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St. Johns River finally drops below flood stage at Astor

The National Weather Service monitors levels on the St. Johns River at several points, including Astor.
The National Weather Service monitors levels on the St. Johns River at several points, including Astor.

For the first time in more than three months, the St. Johns River at Astor in western Volusia and northern Lake County has dropped below flood stage.

The National Weather Service reported Tuesday that the river had been above flood stage since Sept. 16.

Then heavy rains from Hurricane Ian and, later, Hurricane Nicole made the situation much worse, causing the river to flood riverside communities.

The northward-flowing St. Johns crested at Astor on Oct. 1, breaking an 89-year-old record. On Nov. 10, as Nicole came ashore, the St. Johns rose again.

Jimmy Orth, executive director for the St. Johns Riverkeeper, said it took a long time to subside in part because it flows so slowly.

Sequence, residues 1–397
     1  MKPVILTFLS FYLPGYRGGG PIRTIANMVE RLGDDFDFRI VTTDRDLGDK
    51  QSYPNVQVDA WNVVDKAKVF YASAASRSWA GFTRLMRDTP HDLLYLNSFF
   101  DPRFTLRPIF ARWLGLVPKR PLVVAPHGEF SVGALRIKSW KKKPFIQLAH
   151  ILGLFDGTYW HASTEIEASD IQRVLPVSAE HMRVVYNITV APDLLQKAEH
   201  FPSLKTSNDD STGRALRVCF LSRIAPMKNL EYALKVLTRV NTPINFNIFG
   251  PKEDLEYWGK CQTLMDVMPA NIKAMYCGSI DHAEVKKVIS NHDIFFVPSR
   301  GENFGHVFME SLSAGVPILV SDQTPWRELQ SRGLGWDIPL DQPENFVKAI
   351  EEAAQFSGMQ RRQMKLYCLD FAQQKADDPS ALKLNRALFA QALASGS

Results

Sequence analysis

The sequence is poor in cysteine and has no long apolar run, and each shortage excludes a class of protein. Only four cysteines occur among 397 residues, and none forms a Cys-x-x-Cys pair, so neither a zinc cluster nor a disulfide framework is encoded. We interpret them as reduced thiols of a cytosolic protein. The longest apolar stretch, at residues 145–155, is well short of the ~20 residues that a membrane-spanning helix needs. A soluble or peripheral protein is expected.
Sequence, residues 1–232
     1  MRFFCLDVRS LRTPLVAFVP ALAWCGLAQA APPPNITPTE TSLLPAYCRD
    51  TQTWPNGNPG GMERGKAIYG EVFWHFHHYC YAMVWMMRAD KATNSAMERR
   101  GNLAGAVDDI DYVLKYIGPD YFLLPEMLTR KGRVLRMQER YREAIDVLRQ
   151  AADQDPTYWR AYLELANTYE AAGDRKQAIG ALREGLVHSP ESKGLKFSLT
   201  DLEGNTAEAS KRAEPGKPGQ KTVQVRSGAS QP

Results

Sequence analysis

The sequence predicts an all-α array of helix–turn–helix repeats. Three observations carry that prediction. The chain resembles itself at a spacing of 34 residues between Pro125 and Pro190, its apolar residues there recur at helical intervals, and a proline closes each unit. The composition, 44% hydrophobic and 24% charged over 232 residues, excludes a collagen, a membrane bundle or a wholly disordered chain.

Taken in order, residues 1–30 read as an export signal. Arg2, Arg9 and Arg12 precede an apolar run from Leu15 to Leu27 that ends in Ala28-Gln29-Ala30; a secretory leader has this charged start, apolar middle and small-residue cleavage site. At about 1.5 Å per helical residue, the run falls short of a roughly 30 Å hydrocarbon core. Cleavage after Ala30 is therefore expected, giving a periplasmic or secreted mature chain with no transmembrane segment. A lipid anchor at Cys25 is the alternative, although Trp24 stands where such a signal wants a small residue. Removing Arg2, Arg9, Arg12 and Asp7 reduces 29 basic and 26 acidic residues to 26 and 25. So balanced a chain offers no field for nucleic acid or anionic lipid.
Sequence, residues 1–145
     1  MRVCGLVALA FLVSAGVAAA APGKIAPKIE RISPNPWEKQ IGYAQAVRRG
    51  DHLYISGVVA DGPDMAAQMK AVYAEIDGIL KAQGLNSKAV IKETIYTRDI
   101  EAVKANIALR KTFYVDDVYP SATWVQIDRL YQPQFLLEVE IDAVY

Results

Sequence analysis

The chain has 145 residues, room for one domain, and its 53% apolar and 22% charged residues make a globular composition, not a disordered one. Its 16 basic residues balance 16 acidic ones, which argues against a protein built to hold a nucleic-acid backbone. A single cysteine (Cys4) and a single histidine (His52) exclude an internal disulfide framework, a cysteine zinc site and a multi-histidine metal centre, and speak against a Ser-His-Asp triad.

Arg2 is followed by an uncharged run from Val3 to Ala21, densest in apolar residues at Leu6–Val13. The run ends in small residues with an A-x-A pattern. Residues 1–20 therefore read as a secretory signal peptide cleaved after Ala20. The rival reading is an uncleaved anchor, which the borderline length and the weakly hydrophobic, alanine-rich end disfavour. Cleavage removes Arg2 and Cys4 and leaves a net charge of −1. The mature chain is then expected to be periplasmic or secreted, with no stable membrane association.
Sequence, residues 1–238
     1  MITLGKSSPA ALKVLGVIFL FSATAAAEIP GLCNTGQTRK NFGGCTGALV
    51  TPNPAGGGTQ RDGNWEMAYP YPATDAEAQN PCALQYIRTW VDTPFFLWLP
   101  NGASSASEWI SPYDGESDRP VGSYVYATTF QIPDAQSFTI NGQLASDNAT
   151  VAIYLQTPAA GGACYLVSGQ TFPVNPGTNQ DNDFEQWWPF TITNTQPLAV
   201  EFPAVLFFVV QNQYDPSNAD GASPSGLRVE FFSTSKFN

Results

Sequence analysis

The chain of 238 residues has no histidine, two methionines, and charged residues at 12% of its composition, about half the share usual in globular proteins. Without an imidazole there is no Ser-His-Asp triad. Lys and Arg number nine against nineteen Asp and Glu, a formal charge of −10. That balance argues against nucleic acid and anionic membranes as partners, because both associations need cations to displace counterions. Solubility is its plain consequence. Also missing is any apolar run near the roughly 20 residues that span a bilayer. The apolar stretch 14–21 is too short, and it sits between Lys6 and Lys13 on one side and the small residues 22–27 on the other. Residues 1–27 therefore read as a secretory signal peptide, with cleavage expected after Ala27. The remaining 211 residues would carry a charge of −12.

"It only drops about 27 feet over the entire 310-mile length of the river," he said. "So it's about an inch a mile. In some places the river's literally flat."

Orth said wetlands that protect communities downstream from flash flooding slowly release their water back into the river.

He said people will need to adjust as climate change brings more frequent and intense rain events.

"We're going to have to learn to adapt and live with water," Orth said. "In some places they may have to retreat from the shorelines. There may be places that the state needs to buy out and we just allow it to be a natural area as opposed to an area that's built with homes and businesses."

Joe Byrnes came to WMFE/WMFV from the Ocala Star-Banner and The Gainesville Sun, where he worked as a reporter and editor for several years. Joe graduated from Loyola University in New Orleans and turned to journalism after teaching. He enjoys freshwater fishing and family gatherings.
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